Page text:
Novel millimeter wave sensor concepts for energy,
environment, and national security
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Citation
Sundaram, S.K., and P.P. Woskov. “Novel millimeter wave
sensor concepts for energy, environment, and national security.”
Infrared, Millimeter, and Terahertz Waves, 2009. IRMMW-THz
2009. 34th International Conference on. 2009. 1-2. © Copyright
2009 IEEE
As Published
http://dx.doi.org/10.1109/ICIMW.2009.5325536
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Institute of Electrical and Electronics Engineers
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Detailed Terms
Novel Millimeter Wave Sensor Concepts for
Energy, Environment, and National Security
S. K. Sundarama and Paul P. Woskovb
Pacific Northwest National Laboratory, Richland, WA 99352, USA
b
Massachusetts Institute of Technology, Cambridge, MA 02139, USA
a
Abstract—Millimeter waves are ideally suited for sensing and
diagnosing materials, devices, and processes that are broadly
important to energy, environment, and national security. Thermal
return reflection (TRR) techniques that detect and use thermal
emission as a probe to diagnose materials and systems make
possible accurate noncontact thermal analysis measurements that
can resolve emissivity and temperature simultaneously. Scientific
basis of TRR, 2-D and potentially 3-D measurements, and
applications of TRR are discussed.
M
specimen with a single pass transmission factor of Ws. If a
component is at room temperature, then its emissivity and
temperature will cancel out as in the case of the beamsplitter.
The analytical results for the measured temperature at the
receiver for the various thermal probing cases are given by:
Teff
W wg H sTs H wg Twg rsW NW wg H wg Twg
Teffs
I. INTRODUCTION AND BACKGROUND
illimeter wavelengths provide a unique capability for in
situ thermal analysis of materials by being long enough
to penetrate dust, smoke, and otherwise optically obscure
propagation paths and materials yet short enough to enable
focusing and manipulating of the signals for spatially resolved
applications. Thermal emission signals from a material or
surface are proportional to the product of the emissivity and
temperature (HT) of the material or surface that is viewed. The
emissivity is related to material phase state, chemistry, and
molecular structural characteristics such as corrosion and creep
that typically depend on temperature.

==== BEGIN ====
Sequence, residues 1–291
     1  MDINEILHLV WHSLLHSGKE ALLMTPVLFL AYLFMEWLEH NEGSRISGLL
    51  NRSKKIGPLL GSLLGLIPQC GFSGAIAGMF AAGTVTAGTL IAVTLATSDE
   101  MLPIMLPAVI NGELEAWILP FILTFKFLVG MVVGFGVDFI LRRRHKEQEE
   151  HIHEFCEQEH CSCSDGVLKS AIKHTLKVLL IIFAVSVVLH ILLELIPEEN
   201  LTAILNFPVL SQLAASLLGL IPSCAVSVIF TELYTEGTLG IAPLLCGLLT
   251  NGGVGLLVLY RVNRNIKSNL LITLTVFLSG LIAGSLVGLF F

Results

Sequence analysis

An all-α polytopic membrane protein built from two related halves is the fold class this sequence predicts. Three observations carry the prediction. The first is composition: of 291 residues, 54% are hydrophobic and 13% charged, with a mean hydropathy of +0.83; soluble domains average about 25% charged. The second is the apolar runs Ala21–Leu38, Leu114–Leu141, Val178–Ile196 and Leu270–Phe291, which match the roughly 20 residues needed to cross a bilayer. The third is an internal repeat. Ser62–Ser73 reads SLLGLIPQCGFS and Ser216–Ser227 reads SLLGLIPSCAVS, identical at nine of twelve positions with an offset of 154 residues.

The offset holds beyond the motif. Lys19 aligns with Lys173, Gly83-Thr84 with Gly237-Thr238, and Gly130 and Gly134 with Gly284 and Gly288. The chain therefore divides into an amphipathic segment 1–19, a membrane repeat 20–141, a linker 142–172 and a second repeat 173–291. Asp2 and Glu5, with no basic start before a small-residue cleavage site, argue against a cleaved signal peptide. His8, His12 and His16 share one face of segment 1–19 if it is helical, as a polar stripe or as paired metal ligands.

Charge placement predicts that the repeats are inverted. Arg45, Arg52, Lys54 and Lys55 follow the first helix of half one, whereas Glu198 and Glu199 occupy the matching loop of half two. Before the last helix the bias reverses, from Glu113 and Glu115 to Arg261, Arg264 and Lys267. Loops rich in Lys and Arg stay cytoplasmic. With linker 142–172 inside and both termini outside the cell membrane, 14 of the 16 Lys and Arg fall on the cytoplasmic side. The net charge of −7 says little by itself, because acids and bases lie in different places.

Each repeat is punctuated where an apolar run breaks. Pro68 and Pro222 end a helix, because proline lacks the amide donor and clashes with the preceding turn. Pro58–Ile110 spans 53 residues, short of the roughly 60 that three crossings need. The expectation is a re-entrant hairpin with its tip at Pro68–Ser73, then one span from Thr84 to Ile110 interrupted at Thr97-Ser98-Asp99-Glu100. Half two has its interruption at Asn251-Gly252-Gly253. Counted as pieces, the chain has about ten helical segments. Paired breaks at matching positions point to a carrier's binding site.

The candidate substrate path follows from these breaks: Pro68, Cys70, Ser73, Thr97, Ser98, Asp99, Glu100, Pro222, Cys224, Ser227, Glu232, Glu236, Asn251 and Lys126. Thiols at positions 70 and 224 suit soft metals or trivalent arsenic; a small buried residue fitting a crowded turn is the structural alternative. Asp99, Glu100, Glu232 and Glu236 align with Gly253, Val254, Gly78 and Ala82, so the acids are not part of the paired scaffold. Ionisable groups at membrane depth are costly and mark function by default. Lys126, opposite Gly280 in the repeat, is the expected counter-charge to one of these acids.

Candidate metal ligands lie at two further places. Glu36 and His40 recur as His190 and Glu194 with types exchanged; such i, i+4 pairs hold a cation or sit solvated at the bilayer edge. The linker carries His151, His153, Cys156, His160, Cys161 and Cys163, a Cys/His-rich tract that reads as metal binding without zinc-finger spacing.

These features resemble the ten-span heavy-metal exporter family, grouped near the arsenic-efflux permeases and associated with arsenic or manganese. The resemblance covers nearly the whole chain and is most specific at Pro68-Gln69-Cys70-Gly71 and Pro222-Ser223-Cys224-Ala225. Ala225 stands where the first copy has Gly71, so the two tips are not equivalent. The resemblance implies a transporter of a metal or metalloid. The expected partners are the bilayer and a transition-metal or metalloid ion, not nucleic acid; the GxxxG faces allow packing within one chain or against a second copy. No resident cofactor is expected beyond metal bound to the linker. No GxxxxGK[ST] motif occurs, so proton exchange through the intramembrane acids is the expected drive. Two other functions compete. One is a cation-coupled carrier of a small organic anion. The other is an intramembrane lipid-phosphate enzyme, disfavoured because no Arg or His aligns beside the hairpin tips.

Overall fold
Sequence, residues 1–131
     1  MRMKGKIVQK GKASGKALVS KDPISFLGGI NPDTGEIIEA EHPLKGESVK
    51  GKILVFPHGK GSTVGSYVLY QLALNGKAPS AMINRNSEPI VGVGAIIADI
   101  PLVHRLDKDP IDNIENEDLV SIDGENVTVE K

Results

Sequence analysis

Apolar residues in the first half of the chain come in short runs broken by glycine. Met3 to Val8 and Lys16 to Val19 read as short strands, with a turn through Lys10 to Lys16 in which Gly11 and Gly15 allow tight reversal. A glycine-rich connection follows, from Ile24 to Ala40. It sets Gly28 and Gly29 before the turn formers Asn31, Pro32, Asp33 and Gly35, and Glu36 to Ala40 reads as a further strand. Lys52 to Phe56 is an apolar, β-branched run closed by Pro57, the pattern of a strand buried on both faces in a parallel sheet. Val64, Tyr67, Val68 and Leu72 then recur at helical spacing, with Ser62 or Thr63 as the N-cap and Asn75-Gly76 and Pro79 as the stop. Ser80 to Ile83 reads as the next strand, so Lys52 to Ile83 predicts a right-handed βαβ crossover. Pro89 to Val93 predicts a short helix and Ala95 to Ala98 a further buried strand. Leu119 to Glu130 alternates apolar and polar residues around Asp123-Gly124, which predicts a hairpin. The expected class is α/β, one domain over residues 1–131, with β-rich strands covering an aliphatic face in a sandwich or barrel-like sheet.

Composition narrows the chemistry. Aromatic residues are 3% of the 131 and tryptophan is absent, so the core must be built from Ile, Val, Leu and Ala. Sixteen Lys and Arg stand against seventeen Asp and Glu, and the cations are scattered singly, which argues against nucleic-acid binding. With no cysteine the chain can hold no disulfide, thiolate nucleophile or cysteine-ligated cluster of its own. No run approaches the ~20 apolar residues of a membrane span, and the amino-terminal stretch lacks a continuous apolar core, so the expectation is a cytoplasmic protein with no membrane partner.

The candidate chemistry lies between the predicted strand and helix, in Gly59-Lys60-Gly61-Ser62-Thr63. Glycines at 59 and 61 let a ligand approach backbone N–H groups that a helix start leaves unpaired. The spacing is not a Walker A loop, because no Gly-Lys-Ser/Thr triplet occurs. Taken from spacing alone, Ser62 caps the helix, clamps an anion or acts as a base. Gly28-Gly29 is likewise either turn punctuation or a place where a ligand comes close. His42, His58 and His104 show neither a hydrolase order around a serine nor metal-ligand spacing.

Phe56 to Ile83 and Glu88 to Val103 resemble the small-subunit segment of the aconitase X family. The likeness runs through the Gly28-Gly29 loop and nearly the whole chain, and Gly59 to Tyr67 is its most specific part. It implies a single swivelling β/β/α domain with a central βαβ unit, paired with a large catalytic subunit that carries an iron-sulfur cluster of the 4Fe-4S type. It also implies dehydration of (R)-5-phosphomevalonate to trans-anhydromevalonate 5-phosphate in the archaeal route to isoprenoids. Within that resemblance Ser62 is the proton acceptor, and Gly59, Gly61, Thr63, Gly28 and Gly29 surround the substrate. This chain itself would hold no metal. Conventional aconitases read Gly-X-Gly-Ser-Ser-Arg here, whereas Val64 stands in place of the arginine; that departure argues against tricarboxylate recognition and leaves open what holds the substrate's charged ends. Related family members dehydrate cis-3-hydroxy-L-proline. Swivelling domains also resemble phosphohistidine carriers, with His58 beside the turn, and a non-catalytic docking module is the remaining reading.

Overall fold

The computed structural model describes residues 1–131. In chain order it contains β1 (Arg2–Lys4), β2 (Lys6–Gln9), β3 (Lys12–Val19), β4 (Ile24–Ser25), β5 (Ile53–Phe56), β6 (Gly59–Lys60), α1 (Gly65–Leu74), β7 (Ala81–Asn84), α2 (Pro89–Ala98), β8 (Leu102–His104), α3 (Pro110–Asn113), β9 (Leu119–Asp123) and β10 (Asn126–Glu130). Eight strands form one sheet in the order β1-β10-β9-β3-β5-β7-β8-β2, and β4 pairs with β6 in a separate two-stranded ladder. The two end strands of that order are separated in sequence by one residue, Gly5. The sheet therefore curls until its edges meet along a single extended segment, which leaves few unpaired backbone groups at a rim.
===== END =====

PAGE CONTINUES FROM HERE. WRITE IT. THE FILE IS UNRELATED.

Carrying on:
Methods that can
resolve the emissivity and temperature are of general interest to
thermal analysis, particularly at high temperatures when
pushing the limits of material applications. An active
millimeter-wave pyrometer that can measure emissivity along
with temperature has been demonstrated1. The main limitation
of that approach was that the leaked local oscillator signal used
to probe the viewed emissivity was coherent. Therefore, a
standing-wave interference effect in the measurement setup
had to be accounted for. We have demonstrated that incoherent
thermal emission from the viewed sample can be redirected
back to the sample and used to probe its emissivity, and
consequently, resolve the parameters of the thermal emission
product HT without standing wave uncertainties. The analytical
basis has been derived for determining these parameters using
the thermal return reflection (TRR) method2.
Teff'
Teff
Teff
(3)
2
1 W N rs rbs2W wg
'
where Teff , Teff , and Teff are the MMW temperatures
measured at the receiver without any thermal feedback, with
only feedback by SRR M, and with only TRR M reflection,
respectively, Twg and Ts are the waveguide and specimen
temperatures, Hwg and Wwg are the waveguide emissivity and
1 W wg , Hs, Ws, and rs are the
transmission related by H wg
emissivity, transmission, and reflectivity of the specimen where
in the limit for a completely opaque specimen H s 1 rs , rbs
is the beamsplitter reflectivity and WN is the return emission
coupling factor taking into account reflected field of view
divergence and alignment. A fourth equation is obtained for
simultaneous reflection by both mirrors by replacing Teff in
Eq. 3 by Teffs . For a specimen that is not completely opaque or
transparent the emissivity depends on both the specimen
absorption and reflectivity. The set of four equations makes
possible the determination of the specimen temperature,
emissivity, and coupling factor where the emissivity depends
on both the specimen bulk absorption and surface reflectivity.
These parameters are resolved for the direction of view and for
the polarization of the receiver system. Using the layout
illustrated in Figure 1 as a building block additional spatial and
II. ANALYTICAL BASIS
The previously derived TRR method2 has been extended to
allow for non opaque specimens as shown in Figure 1. The
receiver views a specimen (S) through a beamsplitter (BS) and
waveguide system (WG). The specimen thermal emission is
used as a probe from the front and behind by mirrors TRR M
and SRR M, respectively. The analysis requires taking into
account all of the sources and losses of signal in the field of
view of the receiver. Each component has associated with it an